Washington: Scientists have made progress in finding out how the sun was born.
The team led by Monash University researchers, Dr Maria Lugaro and Professor Alexander Heger, investigated the solar system`s prehistoric phase and the events, by using radioactive nuclei found in meteorites.
They found the last time when heavy elements such as gold, silver, platinum, lead and rare-earth elements were added to the solar system matter by the stars that produced them.
Dr Lugaro said that they were confidence that the final 1 per cent of gold, silver and platinum, were added to the solar system matter roughly 100 million years before the birth of the sun while the final 1 per cent of lead and rare-earth elements were added 30 million years before.
Some time post the last addition of heavy elements, the solar system matter went into an `incubation` period, during which time the stellar nursery formed, where the sun was born together with a number of other stars.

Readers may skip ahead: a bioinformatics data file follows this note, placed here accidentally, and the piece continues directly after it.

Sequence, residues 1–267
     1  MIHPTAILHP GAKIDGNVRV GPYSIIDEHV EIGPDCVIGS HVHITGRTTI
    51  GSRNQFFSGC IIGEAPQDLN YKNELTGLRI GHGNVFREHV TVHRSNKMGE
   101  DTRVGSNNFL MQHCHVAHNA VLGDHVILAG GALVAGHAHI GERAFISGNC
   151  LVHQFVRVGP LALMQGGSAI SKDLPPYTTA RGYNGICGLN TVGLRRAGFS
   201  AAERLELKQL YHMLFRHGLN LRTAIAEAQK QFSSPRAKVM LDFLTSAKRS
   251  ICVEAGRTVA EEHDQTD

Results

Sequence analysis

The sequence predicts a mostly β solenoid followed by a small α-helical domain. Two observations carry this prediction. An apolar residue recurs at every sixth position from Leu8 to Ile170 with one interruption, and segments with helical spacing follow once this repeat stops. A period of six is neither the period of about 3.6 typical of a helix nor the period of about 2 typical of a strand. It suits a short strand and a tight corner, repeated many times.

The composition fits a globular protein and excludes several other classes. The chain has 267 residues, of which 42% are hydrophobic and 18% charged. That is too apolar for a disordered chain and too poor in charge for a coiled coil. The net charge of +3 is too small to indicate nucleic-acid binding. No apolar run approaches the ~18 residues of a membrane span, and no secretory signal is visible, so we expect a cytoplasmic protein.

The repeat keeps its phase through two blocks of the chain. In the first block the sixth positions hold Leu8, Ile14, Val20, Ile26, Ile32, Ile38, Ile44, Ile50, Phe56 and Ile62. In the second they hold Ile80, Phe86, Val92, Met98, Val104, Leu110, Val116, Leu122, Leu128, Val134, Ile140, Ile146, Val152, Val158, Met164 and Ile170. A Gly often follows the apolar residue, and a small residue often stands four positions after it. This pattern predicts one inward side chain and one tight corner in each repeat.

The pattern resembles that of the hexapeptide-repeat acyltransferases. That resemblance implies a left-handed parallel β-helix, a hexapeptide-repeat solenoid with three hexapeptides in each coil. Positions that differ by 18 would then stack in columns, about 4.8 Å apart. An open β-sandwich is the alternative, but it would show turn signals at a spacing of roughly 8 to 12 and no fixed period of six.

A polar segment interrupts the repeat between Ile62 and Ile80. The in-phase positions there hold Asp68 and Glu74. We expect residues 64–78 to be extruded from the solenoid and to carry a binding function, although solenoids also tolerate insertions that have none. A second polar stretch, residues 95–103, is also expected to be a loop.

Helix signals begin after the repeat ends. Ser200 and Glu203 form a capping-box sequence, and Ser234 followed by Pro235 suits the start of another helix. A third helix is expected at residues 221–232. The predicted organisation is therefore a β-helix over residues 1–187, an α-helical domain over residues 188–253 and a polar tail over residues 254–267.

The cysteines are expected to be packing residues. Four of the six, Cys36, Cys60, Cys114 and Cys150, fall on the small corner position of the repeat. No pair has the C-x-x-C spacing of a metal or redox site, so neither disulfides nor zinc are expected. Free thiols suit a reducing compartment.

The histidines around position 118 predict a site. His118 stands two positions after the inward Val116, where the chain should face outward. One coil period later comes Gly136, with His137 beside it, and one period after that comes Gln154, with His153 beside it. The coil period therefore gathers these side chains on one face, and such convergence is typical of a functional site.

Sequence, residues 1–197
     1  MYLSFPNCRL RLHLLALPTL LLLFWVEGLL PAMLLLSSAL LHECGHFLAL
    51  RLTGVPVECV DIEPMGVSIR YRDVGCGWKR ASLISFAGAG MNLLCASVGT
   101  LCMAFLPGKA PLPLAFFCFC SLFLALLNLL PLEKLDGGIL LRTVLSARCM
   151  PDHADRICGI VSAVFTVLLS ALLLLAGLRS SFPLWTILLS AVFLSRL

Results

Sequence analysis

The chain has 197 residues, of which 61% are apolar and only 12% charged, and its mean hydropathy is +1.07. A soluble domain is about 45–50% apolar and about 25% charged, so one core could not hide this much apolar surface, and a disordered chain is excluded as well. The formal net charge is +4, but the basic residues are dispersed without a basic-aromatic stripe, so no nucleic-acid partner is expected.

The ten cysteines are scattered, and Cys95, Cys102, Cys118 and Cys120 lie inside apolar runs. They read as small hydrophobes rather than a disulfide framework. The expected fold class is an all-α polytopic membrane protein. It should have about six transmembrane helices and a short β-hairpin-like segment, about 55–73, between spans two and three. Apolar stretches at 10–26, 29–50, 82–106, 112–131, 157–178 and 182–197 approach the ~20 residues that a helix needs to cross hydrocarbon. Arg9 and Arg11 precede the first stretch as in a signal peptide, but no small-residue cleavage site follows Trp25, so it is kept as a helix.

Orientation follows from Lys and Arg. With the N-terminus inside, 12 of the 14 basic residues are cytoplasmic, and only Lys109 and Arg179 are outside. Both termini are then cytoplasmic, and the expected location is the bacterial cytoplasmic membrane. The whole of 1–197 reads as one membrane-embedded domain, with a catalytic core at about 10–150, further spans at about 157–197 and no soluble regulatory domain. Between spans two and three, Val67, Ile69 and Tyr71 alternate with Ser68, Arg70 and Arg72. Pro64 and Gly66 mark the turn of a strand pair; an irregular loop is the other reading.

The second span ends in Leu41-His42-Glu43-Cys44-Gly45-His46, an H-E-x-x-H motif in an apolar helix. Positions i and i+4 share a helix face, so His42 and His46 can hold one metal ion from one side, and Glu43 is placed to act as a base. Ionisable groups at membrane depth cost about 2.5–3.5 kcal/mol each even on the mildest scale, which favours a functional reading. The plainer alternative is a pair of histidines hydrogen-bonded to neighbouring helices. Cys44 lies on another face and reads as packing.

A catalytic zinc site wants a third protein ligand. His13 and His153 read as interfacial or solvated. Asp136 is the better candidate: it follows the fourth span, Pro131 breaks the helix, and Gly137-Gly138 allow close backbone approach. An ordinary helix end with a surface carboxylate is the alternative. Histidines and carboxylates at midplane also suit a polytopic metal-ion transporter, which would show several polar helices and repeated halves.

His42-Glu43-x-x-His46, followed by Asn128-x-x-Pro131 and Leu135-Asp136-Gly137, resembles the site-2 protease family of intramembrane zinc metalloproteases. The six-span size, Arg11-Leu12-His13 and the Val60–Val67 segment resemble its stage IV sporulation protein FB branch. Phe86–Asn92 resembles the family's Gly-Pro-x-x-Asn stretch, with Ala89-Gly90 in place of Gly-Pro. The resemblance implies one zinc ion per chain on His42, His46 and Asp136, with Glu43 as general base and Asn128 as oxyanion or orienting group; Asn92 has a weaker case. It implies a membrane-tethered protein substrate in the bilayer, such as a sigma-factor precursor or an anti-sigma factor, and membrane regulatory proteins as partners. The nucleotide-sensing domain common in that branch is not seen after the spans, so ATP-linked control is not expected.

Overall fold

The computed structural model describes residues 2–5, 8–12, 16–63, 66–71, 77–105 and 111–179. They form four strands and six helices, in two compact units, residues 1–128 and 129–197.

Dr Lugaro added that since they know that the incubation period could not have lasted more than 30 million years, it gave them the chance to determine the lifespan of the nursery where the sun was born, how massive it was and how many stars were born there together.
Understanding the timescales and processes leading to the formation of our solar system, was key to relate its birth environment with that of other planetary systems in the galaxy, he concluded.
The research is published in Science.